Cross-platform, cross-appserver-portability hype aside, the real Java money is coming from bundling a triumvirate in one package. Big expensive hardware, big expensive application-server software, and big expensive consulting bills to turn the first two into big-business applications. This is where IBM is right now with its Java offerings. Selling its hardware range, plus the Websphere suite of products, plus Global Services (which just consumed PWC). This is where Sun is going with its hardware, and SunONE, and strategic partnerships for the consulting side.

And they're doing it quietly and quickly. Sun were _nobody_ in the J2EE market six months ago. Last month they replaced Websphere as the Java technology of choice at Australia's biggest telco, and they're pushing aggressively into the banks.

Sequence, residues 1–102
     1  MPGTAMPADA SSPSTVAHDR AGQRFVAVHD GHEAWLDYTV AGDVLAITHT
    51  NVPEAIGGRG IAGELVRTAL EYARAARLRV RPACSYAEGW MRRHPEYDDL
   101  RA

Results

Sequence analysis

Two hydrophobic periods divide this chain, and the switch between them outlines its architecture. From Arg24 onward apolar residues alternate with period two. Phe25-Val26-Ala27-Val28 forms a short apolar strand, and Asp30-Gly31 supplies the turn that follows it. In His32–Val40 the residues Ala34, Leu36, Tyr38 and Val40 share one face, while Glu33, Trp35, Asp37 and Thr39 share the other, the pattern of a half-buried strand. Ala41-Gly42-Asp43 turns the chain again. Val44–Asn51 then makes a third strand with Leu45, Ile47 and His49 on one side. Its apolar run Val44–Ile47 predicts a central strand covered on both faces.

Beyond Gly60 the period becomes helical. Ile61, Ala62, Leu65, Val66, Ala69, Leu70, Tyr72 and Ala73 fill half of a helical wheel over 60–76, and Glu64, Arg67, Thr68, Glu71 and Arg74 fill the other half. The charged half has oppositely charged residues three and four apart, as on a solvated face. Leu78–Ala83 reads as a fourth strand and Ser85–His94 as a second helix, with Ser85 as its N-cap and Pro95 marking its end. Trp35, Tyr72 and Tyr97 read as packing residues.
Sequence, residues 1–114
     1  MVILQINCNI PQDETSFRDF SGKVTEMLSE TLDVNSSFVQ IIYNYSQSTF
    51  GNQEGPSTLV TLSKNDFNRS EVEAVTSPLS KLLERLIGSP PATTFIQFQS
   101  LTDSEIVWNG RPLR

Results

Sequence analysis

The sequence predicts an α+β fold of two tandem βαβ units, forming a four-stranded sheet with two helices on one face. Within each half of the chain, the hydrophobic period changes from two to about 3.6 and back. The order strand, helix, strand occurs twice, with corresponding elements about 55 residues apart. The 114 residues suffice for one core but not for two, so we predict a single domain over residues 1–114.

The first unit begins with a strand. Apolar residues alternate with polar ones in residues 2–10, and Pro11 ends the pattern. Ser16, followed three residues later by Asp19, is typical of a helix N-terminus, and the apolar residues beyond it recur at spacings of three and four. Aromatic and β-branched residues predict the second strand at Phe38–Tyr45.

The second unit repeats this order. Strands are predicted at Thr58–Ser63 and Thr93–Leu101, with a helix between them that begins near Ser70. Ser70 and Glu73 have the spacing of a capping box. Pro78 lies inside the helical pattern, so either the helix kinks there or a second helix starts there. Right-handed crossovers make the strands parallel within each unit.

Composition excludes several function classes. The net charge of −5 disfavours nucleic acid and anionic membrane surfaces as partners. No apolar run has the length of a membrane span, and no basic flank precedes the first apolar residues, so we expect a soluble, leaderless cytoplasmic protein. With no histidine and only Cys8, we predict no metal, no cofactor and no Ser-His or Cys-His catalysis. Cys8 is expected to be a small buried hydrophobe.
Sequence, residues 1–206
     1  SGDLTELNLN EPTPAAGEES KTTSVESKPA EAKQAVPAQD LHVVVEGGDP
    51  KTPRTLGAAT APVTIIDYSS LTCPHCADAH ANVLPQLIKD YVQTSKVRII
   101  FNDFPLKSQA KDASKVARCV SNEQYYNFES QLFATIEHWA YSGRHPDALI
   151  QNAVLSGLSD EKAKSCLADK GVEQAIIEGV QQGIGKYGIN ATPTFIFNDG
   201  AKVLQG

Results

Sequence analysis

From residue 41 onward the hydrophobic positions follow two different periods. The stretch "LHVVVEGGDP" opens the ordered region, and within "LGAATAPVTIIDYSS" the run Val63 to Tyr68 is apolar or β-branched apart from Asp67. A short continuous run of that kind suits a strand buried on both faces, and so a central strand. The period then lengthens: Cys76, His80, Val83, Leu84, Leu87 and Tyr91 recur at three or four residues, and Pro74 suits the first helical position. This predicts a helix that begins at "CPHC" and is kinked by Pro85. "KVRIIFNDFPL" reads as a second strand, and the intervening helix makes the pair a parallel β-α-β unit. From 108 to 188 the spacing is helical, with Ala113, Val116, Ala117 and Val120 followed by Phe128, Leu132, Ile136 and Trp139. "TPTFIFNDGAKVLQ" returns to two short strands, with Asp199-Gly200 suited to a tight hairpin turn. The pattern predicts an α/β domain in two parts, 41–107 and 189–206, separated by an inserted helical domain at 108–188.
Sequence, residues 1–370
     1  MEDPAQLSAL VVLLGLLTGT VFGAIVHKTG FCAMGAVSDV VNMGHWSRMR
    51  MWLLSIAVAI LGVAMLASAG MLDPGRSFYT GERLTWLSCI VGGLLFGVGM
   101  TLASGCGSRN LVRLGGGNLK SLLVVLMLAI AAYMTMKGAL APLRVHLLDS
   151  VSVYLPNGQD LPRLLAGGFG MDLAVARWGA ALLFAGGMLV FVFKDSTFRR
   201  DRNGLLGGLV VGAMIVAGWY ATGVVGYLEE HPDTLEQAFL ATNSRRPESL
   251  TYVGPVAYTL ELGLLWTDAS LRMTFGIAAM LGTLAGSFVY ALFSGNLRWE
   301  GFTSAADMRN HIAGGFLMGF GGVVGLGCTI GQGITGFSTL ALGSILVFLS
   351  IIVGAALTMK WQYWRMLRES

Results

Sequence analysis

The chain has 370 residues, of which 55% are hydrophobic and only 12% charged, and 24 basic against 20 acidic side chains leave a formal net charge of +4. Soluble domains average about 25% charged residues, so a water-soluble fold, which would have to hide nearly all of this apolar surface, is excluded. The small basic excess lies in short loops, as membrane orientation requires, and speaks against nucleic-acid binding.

Expect, in the next year or two, the final death of BEA as a force in the Java market. BEA are irrelevant now, they just haven't quite worked it out yet. In the really-expensive enterprise sphere, Sun and IBM will duke it out with each other, and with .NET. Down below, Orion and its pals will continue to operate in the low-budget range, competing with open-source projects like Tomcat and Jboss.

anon
Saturday, August 31, 2002

So, in the desktop software market, is Windows the only platform for which the user pays?  It sounds like most of the others mentioned (flash, pdf, java, .Net) the platform is given away for free, and revenue comes primarily from developers.
What I find interesting is that the whole anti-trust case against Microsoft is based on the fact that their platform has a dominant position, and that they use the platform to leverage their applications that run on the platform (office, IE, etc).  But isn't this essentially the strategy that Joel advocated?

Brian
Tuesday, September 03, 2002

*  Recent Topics

*  Fog Creek Home